While official editor Contest judge Lockhart Steele takes his time assigning points for days four and five, it's time to announce the reader winner. Choosing a winner among the five readers that completed The Contest — our Cheap Eats Week stunt wherein a handful of brave and reckless readers and editors tried to eat out in New York for $10/day — is an unwelcome task.
Does it go to the intrepid Sam Kim, who used his Jackson Heights home field advantage like a true pro and rendezvoused with a couple of editor contestants for Team Play?
Or should Ross Velazquez win for his epic Kalustyan's platter that lasted him two days?
Or Meddafore, the master of Midtown and the LES?
Or perhaps it goes to Mishmashed, who survived encounters with steam table deli food, bodega tuna salad, and multiple types of gelatinous balls.
The shelves & fridges at the Sugar Club were lined with an overwhelming variety of strange Thai sweets I'd never seen before. But the challenge has me pushing sweets way down my list of priorities. I was about to walk out empty-handed when I saw a container of cilantro mixed in w/a bunch of sweets. Tucked under the cilantro were these little gelatinous balls. The ingredient list was short- tapioca pearls, peanuts, vegetable (oil, I'd guess), sugar & salt. There was also a green chili pepper on the side. I bit into one & it tasted the way I'd morbidly imagined Mr. Peanut's heart would taste. A pure, intense peanut flavor w/equal amounts of sweet, salty & umami. Alternating chewy bites w/the cilantro & chili was the most interesting snack I'd had all week. I could've easily eaten the whole box myself, especially as the husband wasn't over the moon for them. As I walked out, I saw the girl behind the register was eating the same tapioca balls. I wondered if the stray box I found for sale was just staff leftovers. Turns out the balls are called Saku Sai Mu, a common street food in Thailand. Most versions include ground pork in the filling, but I found the simple, super-peanutty flavor of these to be incredibly appealing. My best cheap eat so far, with my half coming in at $1.75. #Eater #thecontest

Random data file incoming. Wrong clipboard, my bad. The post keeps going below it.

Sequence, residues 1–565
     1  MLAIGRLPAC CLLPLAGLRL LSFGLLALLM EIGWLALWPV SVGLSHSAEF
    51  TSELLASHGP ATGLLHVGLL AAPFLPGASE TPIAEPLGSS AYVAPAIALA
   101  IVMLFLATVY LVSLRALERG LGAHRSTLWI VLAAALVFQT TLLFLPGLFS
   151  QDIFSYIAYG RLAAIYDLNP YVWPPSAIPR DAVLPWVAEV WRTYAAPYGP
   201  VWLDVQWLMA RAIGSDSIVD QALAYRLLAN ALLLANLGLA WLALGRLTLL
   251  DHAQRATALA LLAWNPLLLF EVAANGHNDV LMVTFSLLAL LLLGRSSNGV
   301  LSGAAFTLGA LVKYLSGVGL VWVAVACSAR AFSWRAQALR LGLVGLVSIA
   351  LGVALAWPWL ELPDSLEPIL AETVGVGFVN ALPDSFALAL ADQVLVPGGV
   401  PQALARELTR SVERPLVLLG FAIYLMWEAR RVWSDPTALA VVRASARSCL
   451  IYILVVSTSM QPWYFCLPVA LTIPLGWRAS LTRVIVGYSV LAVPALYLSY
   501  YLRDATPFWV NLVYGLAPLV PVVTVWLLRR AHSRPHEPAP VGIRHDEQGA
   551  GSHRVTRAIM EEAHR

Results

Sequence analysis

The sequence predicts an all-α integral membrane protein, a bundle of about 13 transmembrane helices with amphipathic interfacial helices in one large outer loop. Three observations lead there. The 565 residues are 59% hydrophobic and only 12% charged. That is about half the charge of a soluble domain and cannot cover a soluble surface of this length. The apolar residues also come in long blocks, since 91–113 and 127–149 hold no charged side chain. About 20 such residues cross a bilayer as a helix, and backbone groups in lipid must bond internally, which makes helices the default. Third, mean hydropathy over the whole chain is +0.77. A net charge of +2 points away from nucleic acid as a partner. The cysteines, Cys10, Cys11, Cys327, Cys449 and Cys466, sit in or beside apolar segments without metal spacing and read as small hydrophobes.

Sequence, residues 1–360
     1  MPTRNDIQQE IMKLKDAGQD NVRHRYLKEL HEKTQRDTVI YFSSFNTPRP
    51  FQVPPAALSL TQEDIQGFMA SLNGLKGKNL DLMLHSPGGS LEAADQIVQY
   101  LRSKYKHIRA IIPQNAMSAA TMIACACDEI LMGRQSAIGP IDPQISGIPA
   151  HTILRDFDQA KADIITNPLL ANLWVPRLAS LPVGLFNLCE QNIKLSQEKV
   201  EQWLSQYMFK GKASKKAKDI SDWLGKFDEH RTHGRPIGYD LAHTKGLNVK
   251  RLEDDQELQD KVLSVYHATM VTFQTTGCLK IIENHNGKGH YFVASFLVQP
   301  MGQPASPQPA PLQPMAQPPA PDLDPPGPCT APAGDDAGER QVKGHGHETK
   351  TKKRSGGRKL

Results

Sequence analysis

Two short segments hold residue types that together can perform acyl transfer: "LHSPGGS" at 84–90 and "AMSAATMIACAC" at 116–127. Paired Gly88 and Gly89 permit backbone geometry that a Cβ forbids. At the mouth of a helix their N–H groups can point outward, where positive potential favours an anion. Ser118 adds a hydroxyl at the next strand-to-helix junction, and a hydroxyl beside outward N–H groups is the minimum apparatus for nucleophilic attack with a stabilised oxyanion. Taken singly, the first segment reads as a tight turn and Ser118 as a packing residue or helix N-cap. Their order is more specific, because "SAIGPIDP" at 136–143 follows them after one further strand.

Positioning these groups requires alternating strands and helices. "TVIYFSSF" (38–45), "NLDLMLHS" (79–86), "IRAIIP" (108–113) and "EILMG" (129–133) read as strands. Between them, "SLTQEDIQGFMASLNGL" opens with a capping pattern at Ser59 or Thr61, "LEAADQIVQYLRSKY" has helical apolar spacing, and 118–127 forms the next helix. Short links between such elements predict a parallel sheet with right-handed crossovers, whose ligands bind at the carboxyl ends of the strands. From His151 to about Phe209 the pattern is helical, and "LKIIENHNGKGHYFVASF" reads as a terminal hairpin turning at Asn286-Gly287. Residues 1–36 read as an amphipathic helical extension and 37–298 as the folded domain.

Strong players, every one. But in the end we tip our collective hat to Sam Kim. While we had to handicap him for his friendships with Eater editors Sonia and Daniela — note Contest Judges, Reader Division Amanda Kludt and Robert Sietsema do not know Kim — he clearly played the strongest game, finding affordable gems left, right, and center.
On the outskirts of Astoria, you can find Kesso Foods, owned and operated by a small Greek family since 1986. They add live cultures to the milk, bake it in the oven, and strain through cheesecloth overnight. $4 for 16oz, or $3 for 8oz and you can add honey, fig/apricot/apple compote or sour cherry, and various nuts/granola. You can also get it at Zabars, Fairway, and Whole Foods if you can't make the trek.
Kim wins dinner with Eater critic Robert Sietsema and Eater EIC Amanda Kludt, and he gets his $50 back. All reader competitors who made it to the end get a $50 donation made in their name to the Kips Bay Boys & Girls Club.
Readers: you are champions. We salute you.
Eater Video: Dining on a dime